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As US troops exit Iraq, Maliki moves against Sunni rivals

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Hashimi and several other Sunni politicians were about to fly to Kurdistan Sunday evening for dinner with Kurdish leader Massoud Barzani when Maliki's head of military intelligence ordered them not to depart. According to one account, from a leading politician who declined to be identified due the sensitivity of the issue, Hashimi, vice premier Saleh al-Mutlaq, and Finance Minister Rafie al-Essawi were already aboard the plane when they were ordered to disembark.

According to another account, from a source in the Interior Ministry who spoke on condition of anonymity because he wasn't authorized to be quoted, the entire airport was shut down while the men were detained. Hashimi was told that the authorities had no direct case against him, but were prepared to charge that he had been an accomplice in smuggling some of the assassins out of Baghdad. Security authorities arrested two of Hashimi's bodyguards, the Interior Ministry official said.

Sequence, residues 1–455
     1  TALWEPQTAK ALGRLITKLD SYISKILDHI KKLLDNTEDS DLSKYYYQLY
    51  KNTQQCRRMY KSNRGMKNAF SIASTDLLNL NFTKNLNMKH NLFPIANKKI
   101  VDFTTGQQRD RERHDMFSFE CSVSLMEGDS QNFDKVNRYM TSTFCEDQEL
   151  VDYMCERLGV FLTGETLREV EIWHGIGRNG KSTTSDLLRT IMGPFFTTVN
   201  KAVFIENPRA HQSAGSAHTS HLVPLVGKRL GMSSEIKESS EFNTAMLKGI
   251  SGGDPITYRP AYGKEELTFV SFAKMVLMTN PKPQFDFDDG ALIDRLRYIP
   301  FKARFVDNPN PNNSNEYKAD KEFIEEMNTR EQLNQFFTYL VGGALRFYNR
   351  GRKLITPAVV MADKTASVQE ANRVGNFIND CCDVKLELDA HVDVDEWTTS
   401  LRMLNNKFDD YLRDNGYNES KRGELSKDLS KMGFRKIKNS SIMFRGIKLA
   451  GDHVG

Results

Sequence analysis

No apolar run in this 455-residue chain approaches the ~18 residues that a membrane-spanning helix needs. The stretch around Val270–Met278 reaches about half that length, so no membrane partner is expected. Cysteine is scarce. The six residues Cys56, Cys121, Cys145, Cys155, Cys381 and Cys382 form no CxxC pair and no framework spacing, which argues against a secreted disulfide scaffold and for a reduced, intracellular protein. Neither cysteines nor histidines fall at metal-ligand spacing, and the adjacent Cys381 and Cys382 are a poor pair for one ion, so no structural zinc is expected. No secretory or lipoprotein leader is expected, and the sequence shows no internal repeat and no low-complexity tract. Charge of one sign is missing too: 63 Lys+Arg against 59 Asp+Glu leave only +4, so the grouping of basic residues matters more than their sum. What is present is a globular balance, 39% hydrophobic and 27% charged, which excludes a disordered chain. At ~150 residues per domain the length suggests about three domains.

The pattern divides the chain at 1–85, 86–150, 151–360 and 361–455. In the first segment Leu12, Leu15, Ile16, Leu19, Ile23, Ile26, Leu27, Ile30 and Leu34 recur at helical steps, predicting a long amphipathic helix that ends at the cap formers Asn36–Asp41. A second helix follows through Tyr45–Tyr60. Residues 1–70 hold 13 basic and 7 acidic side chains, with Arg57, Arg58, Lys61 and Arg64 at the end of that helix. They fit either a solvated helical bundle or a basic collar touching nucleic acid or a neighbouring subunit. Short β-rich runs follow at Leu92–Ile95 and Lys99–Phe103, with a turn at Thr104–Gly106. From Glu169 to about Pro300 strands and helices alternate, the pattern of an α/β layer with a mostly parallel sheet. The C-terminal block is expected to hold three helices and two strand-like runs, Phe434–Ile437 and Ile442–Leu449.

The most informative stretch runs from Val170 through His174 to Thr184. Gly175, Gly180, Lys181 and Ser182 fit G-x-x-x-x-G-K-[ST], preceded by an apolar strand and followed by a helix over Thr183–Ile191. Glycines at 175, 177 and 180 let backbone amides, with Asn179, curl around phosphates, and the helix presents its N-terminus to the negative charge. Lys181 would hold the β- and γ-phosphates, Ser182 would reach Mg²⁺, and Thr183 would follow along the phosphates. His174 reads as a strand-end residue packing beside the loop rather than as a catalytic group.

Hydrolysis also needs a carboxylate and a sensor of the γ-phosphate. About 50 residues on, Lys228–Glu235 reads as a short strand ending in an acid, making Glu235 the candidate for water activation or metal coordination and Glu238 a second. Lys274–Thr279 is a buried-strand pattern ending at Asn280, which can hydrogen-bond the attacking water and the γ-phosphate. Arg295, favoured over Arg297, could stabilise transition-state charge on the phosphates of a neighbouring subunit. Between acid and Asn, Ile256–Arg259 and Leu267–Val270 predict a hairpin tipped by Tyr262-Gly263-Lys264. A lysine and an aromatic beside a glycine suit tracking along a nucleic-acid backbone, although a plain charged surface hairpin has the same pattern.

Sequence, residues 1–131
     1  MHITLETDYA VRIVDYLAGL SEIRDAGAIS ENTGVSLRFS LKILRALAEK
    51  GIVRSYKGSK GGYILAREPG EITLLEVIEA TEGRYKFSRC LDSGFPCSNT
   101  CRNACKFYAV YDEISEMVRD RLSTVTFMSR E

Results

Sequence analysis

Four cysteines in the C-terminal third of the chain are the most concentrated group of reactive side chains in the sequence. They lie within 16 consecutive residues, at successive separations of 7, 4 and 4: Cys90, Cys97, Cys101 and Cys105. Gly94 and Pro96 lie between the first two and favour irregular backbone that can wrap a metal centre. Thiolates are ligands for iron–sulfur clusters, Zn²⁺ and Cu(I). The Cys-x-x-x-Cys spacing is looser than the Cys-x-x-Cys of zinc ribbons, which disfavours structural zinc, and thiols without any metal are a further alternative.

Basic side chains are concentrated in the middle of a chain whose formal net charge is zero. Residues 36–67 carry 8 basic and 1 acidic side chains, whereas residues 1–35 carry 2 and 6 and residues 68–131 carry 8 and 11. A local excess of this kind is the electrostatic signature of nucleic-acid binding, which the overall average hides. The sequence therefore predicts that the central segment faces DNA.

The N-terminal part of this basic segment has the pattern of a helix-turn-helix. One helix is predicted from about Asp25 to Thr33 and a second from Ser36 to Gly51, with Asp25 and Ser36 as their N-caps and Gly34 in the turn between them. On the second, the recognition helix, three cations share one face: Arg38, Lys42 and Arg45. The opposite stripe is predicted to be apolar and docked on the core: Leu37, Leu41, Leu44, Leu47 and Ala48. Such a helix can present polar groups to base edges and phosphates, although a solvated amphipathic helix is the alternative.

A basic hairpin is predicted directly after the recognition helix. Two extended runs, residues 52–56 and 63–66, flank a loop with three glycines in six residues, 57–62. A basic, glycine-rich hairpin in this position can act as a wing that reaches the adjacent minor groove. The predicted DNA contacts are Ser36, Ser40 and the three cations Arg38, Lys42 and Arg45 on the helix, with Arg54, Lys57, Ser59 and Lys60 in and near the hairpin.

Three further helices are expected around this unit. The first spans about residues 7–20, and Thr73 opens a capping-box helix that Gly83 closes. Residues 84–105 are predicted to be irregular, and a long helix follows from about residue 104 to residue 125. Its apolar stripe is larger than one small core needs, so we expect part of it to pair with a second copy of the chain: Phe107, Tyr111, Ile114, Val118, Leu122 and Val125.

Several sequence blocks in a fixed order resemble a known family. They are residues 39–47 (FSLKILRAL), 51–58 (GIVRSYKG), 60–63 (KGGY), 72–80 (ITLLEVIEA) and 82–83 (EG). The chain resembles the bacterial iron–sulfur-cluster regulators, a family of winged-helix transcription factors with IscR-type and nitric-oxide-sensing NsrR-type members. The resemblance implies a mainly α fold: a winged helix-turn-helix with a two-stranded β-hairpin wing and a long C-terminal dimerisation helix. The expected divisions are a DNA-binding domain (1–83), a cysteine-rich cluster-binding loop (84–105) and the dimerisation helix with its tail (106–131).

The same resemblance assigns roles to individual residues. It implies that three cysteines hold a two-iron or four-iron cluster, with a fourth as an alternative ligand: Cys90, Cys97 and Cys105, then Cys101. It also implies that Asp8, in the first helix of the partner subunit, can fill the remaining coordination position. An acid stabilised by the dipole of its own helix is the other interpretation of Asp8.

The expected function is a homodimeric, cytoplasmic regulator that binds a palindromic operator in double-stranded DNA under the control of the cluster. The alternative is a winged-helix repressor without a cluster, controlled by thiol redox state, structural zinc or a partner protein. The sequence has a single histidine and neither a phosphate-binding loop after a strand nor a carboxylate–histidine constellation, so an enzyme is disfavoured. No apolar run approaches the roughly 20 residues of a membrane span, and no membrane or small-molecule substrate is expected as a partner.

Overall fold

After a flurry of phone calls involving political figures from nearly every party, Maliki relented and allowed the men to continue the journey.

It was unclear whether Hashimi, one of Iraq's two vice presidents, could in fact be arrested, unless the Iraqi parliament first strips him of immunity. But if the accounts are correct that some of his security guards confessed to taking part in the assassinations of prominent Shiites, his days in national politics may be numbered.

Maliki moves for vote of no confidence against Sunni rival

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